Are Human Rights Violations Becoming More Difficult to Hide?
The advent of digital age technologies and diminishing trust in government may make it increasingly difficult for U.S. officials to hide programs that infringe on civil liberties under the guise of national security. But experts at a convening to examine government transparency through a human rights lens deplored the recent history of such policies masking abuses.
“It's much harder for the U.S. government to hide things like black sites or torture than it was 20 years ago,” said Kenneth Roth, executive director of Human Rights Watch, at the September 9 virtual panel discussion, Roads Not Taken: Reflections on the 9/11 Anniversary, co-organized by Just Security and the Knight First Amendment Institute at Columbia University. “Between social media and everybody having a smartphone, and the stronger network of global rights groups, we know a lot about what's going on. … It would be hard for a new Bush administration to pull off something comparable this time around.”
But Roth acknowledged what he called the human rights community’s “failure of imagination” in the aftermath of 9/11, when the U.S. government targeted Muslim populations, paving the way for illegal detentions and torture. “I just didn't think it would be such overt flouting of basic principles,” he commented. “I wish we just assumed the worst from the outset. But we didn't.”
Jameel Jaffer, executive director of the Knight First Amendment Institute, recalled that in the wake of the attacks he too read with disbelief the initial news stories about the torture of prisoners in U.S. custody. “Our initial reaction was this can't be right, or if it's right, it's got to be a totally aberrational case,” he told the online gathering. “It took us a while just to believe that it was actually happening.”
Jaffer also reminded participants that in the weeks after 9/11, the U.S. government rounded up hundreds of immigrants, most of them Arab or South Asian, almost all of them Muslim, falsely intimating to the public that they were connected in some way to the attacks. In the months and years that followed, the courts granted the government new authorities, creating national security exceptions to important human rights protections. “All of us should have been quicker to recognize that those were not national security exceptions—that they were effectively Muslim exceptions,” he said.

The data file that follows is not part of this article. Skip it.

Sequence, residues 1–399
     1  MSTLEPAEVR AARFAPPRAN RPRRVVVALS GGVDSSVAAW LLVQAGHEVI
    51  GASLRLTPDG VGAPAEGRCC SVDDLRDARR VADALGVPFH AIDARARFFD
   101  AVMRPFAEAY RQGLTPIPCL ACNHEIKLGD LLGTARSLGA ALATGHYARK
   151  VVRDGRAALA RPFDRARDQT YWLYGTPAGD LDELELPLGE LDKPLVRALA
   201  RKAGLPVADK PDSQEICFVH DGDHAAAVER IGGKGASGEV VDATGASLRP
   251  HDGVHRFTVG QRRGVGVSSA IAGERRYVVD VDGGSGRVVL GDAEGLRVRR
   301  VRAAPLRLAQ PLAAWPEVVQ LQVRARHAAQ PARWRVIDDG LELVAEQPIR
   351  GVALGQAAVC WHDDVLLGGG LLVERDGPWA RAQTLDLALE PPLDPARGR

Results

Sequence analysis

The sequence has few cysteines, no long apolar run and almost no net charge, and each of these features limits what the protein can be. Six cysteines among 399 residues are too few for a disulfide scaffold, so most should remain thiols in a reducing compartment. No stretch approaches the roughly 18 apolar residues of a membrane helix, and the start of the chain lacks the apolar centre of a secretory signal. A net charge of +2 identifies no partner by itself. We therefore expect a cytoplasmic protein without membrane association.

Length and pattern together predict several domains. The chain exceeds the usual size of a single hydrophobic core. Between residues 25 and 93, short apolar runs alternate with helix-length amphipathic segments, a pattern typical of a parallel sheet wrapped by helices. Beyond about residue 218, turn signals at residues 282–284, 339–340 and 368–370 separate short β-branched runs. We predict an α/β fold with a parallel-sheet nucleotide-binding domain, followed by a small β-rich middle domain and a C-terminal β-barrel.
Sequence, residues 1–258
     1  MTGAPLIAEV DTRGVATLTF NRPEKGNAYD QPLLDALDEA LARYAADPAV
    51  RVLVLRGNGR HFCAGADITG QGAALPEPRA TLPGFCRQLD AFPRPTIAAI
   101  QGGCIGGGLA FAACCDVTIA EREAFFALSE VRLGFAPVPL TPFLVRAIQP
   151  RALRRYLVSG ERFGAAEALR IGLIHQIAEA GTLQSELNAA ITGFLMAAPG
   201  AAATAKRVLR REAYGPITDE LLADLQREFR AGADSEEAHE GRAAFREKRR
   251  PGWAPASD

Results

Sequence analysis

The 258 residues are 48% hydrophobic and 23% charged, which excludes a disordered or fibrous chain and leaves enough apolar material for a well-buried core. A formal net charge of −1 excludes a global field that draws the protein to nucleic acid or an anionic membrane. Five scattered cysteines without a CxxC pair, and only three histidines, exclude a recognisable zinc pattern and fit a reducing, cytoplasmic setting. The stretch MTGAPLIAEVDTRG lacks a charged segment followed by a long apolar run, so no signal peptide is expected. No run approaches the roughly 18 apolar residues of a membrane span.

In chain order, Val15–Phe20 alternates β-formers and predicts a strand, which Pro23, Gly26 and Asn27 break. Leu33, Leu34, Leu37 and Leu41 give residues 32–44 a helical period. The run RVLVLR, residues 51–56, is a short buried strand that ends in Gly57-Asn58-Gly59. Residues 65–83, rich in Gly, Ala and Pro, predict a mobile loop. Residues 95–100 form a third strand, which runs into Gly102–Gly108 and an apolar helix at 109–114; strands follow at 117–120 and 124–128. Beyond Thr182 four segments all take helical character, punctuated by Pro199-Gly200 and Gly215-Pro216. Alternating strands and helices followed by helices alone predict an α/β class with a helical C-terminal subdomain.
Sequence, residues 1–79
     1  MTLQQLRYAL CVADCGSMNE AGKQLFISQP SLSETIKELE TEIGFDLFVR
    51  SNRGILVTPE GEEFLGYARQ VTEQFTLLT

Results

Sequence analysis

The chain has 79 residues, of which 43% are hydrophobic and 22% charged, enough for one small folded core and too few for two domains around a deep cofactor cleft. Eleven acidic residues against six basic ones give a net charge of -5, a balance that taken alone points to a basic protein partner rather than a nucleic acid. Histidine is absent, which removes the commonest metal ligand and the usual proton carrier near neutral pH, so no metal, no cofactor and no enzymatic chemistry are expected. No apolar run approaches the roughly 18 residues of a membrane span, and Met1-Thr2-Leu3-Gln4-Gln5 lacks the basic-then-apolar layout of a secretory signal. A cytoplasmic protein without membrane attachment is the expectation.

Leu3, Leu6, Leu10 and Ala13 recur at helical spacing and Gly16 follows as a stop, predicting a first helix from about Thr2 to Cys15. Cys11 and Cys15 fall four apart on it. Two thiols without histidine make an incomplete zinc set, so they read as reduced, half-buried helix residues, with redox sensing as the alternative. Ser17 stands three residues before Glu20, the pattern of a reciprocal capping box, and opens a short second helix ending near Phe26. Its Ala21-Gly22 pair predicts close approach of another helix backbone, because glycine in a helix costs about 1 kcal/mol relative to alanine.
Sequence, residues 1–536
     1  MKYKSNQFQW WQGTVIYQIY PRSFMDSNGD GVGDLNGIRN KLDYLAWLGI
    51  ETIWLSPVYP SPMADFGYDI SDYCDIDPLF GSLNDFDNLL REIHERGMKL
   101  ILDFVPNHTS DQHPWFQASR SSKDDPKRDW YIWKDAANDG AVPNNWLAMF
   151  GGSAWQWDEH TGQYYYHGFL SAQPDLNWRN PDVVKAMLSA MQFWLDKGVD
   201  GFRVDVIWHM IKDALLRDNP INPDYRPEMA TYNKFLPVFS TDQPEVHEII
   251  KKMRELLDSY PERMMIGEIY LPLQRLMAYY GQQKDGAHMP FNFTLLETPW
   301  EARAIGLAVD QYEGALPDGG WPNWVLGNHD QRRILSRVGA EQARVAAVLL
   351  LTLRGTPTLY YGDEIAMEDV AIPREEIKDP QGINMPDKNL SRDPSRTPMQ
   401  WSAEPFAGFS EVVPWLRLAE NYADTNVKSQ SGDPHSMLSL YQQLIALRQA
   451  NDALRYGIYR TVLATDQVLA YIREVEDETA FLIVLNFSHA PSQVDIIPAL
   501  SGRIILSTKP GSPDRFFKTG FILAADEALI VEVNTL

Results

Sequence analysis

Part of the challenge at the time, suggested Elisa Massimino, former president and CEO of Human Rights First, was that following the attacks the government deliberately hid its true agenda. She recalled a visit to the Justice Department shortly after 9/11 to discuss with officials those individuals being rounded up: “We were looking for some sign that there was a strategy related to national security behind any of it. We said, ‘Surely you're not just randomly rounding up people who are Muslim or [who] seem Muslim to somebody and hoping that you're going to catch some terrorists.’ And that is precisely what they were doing.”
But, as Massimino added: “I think my naïveté was really that there was some level of competence inside the government on these issues. And that early meeting just completely stripped that away. … There was no strategy behind that. It was just fear-driven prejudice.”
ACLU’s Executive Director Anthony Romero expressed similar bitterness over the government’s framing of national security policies as part of the fight against terrorism in order to bypass conventions for international human rights and domestic law enforcement. “The war on terror paradigm was one we fought. But I wish we had just never fallen prey to the use of it,” he said. “Once [we had] the full evidence of the commission of torture and the fact that [the government] had acted so unlawfully … we should have impeached the bunch of them.”
Added Roth: “The one point where I think we made a mistake is that we allowed the discussion to be exclusively about torture, rather than ... cruel, inhumane, or degrading treatment. [We should have] gotten people to think about humane treatment, you know, do you want the cop in your local precinct interrogating you with these techniques?”
The panelists’ link between national security and policing did suggest that, amid burgeoning social justice movements and intersectional awareness, a more effective response may be possible.
“The context [after 9/11] was really around the surveillance of Muslim communities,” argued panelist Linda Sarsour, co-chair of the 2017 Women’s March and former executive director of the Arab American Association of New York. “[There were] a lot of moments where the movement could have initially engaged in solidarity and looking at the connections between national security and the policing apparatus in the United States, and how it impacts people of color. We could have had one big whole conversation that really could have built a lot of power.”
Sarsour concluded: “What I hope that we have now is this idea that we can't have these silo fights anymore. … We're not going to talk about criminal justice reform without also talking about national security reform.”
A. Adam Glenn is a writer/editor at the Knight First Amendment Institute.